The register system 20 can provide the DATA INT 24 to an output system 26. The output system 26 can include a set of output registers, which may be identical in type and in quantity to the type and quantity of input registers contained in register system 20. Output system 26 receives an output enable signal 28 and a clock signal 30. The output system 26 latches the plurality of lines of the data DATA INT 24 from the register system 20 in a predetermined sequence based on the output enable signal 28 and the clock signal 30. It is the arrangement and timing of the output enable signal 28 and the clock signal 30 relative to each other that cause the output registers in the output system 20 to activate in the predetermined sequence. The clock signal 30 may be a system core clock generated, for example, by a frequency generator circuit. The output system 26, in turn, provides output data (DATA OUT) 32 at the frequency of the clock signal 30. For example, the DATA OUT signal 32 can be a multiple bit data stream synchronized relative to the clock signal 30, such as two or more parallel data lines corresponding to overlapping respective portions of the data provided by the register system 20. The conversion of the data into a multiple bit output stream 32 may be accomplished using multiplexers or any other multi-state switching devices.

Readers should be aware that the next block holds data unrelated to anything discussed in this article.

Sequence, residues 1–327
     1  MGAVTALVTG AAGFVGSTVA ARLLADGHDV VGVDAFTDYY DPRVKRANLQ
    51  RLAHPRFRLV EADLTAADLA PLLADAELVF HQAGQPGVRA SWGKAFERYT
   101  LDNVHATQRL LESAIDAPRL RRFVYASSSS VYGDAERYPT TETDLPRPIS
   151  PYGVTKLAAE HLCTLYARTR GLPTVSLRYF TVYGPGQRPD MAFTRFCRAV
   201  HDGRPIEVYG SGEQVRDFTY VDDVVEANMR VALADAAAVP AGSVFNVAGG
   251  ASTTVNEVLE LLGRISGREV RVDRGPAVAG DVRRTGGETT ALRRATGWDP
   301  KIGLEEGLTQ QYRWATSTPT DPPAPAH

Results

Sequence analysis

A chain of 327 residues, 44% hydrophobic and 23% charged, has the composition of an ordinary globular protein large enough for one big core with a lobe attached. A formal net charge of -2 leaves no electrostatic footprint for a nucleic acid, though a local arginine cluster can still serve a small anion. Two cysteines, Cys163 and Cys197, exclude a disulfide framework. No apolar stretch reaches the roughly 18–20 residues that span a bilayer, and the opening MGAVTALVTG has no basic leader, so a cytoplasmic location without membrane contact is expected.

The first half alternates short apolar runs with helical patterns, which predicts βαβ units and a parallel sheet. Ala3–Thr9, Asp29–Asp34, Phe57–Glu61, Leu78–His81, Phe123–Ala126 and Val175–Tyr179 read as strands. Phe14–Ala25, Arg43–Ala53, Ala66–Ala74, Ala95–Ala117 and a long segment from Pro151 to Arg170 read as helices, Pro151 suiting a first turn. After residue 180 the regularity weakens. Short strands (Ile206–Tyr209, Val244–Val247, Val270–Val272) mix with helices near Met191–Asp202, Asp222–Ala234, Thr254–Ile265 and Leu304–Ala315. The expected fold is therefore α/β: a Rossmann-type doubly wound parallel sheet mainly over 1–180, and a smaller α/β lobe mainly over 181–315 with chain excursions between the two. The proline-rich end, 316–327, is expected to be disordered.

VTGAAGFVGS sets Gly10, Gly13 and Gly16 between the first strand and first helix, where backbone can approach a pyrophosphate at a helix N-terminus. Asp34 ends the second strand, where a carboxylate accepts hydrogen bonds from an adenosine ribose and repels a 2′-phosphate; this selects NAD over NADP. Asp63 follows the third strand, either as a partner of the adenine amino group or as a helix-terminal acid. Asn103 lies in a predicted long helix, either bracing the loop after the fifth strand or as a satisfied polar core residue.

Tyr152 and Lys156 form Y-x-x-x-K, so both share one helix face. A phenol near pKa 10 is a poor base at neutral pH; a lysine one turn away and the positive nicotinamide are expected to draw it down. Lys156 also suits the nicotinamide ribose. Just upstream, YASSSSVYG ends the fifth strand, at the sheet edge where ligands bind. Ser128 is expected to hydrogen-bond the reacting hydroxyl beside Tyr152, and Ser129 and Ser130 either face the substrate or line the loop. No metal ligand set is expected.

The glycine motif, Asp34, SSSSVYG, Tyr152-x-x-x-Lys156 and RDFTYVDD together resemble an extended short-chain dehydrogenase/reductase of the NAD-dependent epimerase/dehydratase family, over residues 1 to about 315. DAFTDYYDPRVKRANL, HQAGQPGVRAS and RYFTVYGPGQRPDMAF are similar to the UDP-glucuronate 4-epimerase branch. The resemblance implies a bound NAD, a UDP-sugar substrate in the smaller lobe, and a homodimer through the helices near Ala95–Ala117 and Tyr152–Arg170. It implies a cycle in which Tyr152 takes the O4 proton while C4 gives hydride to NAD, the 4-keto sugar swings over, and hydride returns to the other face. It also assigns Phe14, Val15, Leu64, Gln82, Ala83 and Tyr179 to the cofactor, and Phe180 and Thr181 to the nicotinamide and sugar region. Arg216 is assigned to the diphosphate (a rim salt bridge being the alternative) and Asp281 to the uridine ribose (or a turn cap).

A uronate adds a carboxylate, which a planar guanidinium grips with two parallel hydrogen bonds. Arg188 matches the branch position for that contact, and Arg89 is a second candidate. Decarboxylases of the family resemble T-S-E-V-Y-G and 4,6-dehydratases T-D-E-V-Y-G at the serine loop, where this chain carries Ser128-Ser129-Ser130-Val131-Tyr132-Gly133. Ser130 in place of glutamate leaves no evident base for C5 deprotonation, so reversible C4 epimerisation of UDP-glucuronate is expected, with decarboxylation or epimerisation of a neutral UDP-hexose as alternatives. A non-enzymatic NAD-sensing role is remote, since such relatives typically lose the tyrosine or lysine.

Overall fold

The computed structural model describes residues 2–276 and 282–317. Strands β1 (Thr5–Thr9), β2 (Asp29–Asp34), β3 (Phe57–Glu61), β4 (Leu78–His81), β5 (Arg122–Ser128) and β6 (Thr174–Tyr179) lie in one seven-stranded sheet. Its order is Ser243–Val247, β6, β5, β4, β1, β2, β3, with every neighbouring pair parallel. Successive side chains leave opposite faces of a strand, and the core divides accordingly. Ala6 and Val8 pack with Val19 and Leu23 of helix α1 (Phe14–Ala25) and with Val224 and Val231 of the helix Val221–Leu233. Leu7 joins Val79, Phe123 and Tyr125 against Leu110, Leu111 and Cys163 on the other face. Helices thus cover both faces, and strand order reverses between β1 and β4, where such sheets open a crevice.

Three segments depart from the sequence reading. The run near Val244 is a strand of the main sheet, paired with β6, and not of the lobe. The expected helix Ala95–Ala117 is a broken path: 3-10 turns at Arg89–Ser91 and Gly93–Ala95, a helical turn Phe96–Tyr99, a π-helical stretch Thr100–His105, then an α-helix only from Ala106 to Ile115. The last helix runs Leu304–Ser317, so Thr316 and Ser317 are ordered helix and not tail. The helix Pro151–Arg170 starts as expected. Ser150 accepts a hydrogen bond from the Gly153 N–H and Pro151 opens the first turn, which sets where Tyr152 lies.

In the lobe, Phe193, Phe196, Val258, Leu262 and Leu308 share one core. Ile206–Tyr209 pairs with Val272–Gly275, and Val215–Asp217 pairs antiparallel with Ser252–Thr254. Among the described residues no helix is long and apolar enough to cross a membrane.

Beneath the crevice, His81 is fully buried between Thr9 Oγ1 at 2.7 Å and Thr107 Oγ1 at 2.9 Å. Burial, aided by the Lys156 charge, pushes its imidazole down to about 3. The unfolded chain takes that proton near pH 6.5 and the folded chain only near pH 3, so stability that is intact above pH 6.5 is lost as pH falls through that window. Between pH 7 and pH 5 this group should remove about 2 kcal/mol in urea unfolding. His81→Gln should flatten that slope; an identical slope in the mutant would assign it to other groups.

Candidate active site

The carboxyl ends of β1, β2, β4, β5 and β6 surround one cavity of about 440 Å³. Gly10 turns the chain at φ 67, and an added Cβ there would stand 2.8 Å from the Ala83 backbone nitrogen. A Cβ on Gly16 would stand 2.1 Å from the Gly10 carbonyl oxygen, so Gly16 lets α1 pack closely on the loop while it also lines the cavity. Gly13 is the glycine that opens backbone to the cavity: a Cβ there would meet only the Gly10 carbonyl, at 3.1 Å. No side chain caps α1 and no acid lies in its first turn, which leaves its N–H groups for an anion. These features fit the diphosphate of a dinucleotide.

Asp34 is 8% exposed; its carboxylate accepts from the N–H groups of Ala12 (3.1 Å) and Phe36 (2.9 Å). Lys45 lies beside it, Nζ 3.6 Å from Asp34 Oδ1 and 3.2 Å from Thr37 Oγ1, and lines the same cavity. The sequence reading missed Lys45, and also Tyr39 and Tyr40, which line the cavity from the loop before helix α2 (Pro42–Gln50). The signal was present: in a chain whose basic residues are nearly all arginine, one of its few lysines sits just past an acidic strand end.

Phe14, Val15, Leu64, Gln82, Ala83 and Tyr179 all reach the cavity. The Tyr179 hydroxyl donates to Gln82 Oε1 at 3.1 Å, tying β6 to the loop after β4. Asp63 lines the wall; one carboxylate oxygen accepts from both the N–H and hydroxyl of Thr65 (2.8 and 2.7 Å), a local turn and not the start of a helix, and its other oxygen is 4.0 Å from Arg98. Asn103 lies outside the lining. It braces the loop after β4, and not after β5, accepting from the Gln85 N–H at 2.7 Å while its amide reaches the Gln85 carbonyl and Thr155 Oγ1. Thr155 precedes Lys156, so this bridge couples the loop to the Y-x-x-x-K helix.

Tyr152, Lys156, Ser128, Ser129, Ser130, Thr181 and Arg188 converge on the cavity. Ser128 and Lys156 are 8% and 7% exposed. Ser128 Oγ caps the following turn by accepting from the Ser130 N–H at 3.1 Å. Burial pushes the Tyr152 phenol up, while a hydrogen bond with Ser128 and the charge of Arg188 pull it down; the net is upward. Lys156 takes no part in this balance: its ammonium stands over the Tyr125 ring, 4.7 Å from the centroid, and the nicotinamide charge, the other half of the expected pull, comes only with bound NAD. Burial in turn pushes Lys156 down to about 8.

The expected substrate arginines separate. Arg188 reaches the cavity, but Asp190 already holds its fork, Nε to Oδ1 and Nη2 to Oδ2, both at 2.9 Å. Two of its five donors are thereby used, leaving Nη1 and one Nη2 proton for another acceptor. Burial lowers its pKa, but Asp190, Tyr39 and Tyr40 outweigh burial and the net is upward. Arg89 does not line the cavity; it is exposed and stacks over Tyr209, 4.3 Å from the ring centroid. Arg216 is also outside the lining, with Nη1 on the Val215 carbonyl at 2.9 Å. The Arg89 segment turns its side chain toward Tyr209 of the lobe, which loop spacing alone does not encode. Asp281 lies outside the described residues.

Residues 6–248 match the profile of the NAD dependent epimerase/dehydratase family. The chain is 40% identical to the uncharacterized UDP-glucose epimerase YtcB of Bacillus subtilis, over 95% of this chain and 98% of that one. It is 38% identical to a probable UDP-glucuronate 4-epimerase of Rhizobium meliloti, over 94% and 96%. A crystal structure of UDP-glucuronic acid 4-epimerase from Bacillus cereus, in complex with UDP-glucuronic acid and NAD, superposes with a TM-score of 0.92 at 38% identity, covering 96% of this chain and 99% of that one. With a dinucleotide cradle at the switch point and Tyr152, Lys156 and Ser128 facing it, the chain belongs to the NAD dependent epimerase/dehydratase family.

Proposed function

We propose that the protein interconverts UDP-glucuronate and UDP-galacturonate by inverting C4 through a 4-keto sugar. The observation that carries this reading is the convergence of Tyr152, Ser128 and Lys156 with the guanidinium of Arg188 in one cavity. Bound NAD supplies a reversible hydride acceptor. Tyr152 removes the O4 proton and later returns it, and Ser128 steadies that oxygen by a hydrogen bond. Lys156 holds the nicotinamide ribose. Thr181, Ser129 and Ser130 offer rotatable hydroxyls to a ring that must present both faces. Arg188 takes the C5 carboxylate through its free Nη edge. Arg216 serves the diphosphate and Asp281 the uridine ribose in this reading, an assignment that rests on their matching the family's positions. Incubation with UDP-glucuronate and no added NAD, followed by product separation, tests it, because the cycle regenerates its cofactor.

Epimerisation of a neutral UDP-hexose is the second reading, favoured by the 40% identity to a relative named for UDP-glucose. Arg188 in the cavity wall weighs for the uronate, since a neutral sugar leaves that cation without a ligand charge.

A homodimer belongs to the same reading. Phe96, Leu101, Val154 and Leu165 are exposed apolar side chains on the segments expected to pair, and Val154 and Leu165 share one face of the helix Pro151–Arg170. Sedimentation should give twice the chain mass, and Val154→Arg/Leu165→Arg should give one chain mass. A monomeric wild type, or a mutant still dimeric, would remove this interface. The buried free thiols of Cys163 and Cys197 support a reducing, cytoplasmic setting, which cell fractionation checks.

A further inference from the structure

FIG. 2 illustrates another example of a system 50 that operates to extend a data window for data received from a data bus 51. In the example of the system 50, it is assumed that the data is received from a bi-directional DDR bus, but it should be known and appreciated that the system 50 could be suited to receive data from other types of data bus structures.

The system 50 of FIG. 2 includes an enable system 52 which receives a reset signal 54 and a strobe signal 56 as inputs. The strobe signal 56 may also be part of the bi-directional DDR bus 51. The reset signal 54 can be generated from a device separate from the system 50, such as a memory device. In the example of FIG. 2, the enable system 52 generates a pair of enable signals, EN1 and EN2, based on the reset signal 54 and the strobe signal 56. The enable system 52 provides the enable signals EN1 and EN2 as inputs to a register system 58. The register system 58 also receives a data signal 60 and the strobe signal 56. The data signal 60 transmits data via the bi-directional DDR bus 51 to the register system 58. The data can be single bit or multi-bit data. The strobe signal 56 is a periodic clock signal timed to the data signal 60, which is also received from the bi-directional DDR bus 51.